It’s a word that came up a lot, and we’re going out on a limb and predicting it’s a permanent shift, starting now. After an era when truth became subjective, the notions of clarity and transparency in business and in life-at-large feel revolutionary, necessary, and now. Though we in the design community have talked about transparency before, it’s no longer a concept, it’s a requirement.

6. Speaking up is the new default.

We’ve seen 2020 as a call to action—and we are determined to never be silent on issues of equality and social justice again. Though once we may have hesitated to raise issues and talk about them openly, sitting back and shutting up are not on the agenda anymore. Many are seeking to assert their voices and opinions, both individually and on behalf of their communities.

7. Check your PTO guilt—and resign from #TeamTooMuch.

After a year of perseverance, we’ve slowly learned to give ourselves permission to take that PTO and not feel guilty (this felt radical!) while we’re on personal time. We’ve had enough of the kind of “heroism” that prizes relentless hours and neglected self-care, thanks.

8. Challenging accepted wisdom points the way to the future.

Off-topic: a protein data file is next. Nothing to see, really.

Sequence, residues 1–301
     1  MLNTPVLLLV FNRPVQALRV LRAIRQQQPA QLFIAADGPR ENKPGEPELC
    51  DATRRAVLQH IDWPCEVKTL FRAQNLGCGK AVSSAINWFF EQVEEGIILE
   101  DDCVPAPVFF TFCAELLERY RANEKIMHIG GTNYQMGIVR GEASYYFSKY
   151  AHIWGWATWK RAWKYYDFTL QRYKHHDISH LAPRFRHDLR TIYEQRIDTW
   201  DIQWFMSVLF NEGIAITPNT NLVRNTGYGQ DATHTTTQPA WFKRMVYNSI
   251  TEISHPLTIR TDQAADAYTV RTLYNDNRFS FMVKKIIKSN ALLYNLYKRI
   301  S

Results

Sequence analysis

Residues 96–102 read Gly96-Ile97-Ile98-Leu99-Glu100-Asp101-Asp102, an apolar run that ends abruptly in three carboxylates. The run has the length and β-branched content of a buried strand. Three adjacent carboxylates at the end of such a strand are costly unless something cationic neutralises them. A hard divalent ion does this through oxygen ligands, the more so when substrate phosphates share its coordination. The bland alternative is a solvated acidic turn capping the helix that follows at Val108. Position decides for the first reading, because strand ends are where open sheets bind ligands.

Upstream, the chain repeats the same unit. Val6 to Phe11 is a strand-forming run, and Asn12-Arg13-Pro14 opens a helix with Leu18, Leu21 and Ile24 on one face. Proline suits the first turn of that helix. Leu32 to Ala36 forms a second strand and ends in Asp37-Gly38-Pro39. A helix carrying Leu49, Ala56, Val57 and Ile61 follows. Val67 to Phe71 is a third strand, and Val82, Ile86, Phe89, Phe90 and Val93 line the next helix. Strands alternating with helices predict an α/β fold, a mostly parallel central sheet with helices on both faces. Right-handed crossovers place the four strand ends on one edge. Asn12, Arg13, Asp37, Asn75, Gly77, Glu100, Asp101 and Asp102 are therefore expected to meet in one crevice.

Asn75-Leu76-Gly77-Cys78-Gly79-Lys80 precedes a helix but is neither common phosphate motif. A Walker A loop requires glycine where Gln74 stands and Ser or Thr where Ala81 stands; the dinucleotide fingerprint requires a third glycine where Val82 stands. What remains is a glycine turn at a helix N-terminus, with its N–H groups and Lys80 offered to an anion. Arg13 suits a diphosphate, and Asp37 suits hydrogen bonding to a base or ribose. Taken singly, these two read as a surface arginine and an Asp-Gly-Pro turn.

Designers ask questions. It’s in our nature. But in the wake of so much change, we’ve become inspired to more closely examine things that have become accepted as part of the landscape (hello, open office)—and wonder why we didn’t question them sooner. What will the new workplace look like? We’re not sure yet—it’s an ongoing discussion—but we know leaning into our curiosity and asking those questions will reveal the answers.

9. Embracing a slow moment was 2020’s trickiest dance move.

Honestly, those slow moments made us nervous at first. Gradually, we’ve learned not to fight life’s readjusted rhythm, finding room to breathe, decompress, and think deep thoughts in this new groove.

10. Networking: It’s not just for clients anymore.

Making time to talk to people in quest of your next deal or your next project used to seem like the most important kind of networking—until we heard about those enviable Friday night Zoom craft circles. Using our newly sharpened tech capabilities to intentionally connect with friends and make new friends is a new-world-order priority.

11. Wanderlust will seduce us back to roaming the world—or at least our neighborhoods.

The pent-up yearning to travel is real, and whether we’re headed across the country or just downtown, we’ll be looking to scratch that itch. Look for experiences, even everyday ones, to tap into a sense of adventure.

12. Freedom, flexibility, and the pursuit of happiness proved their worth.

Strangely, profoundly, it took a time of confinement to set us free in so many ways. We learned to make more allowances for others and ourselves. We finally found the patience we thought we just didn’t possess. We shook off unrealistic expectations and the rules that told us work had to be done in an office, five days a week (Note: we’re never going back!). We explored family roots, cookbooks, and the electric guitar. And, in small but decidedly significant ways, we discovered joy—and a new sense of perspective as we move forward.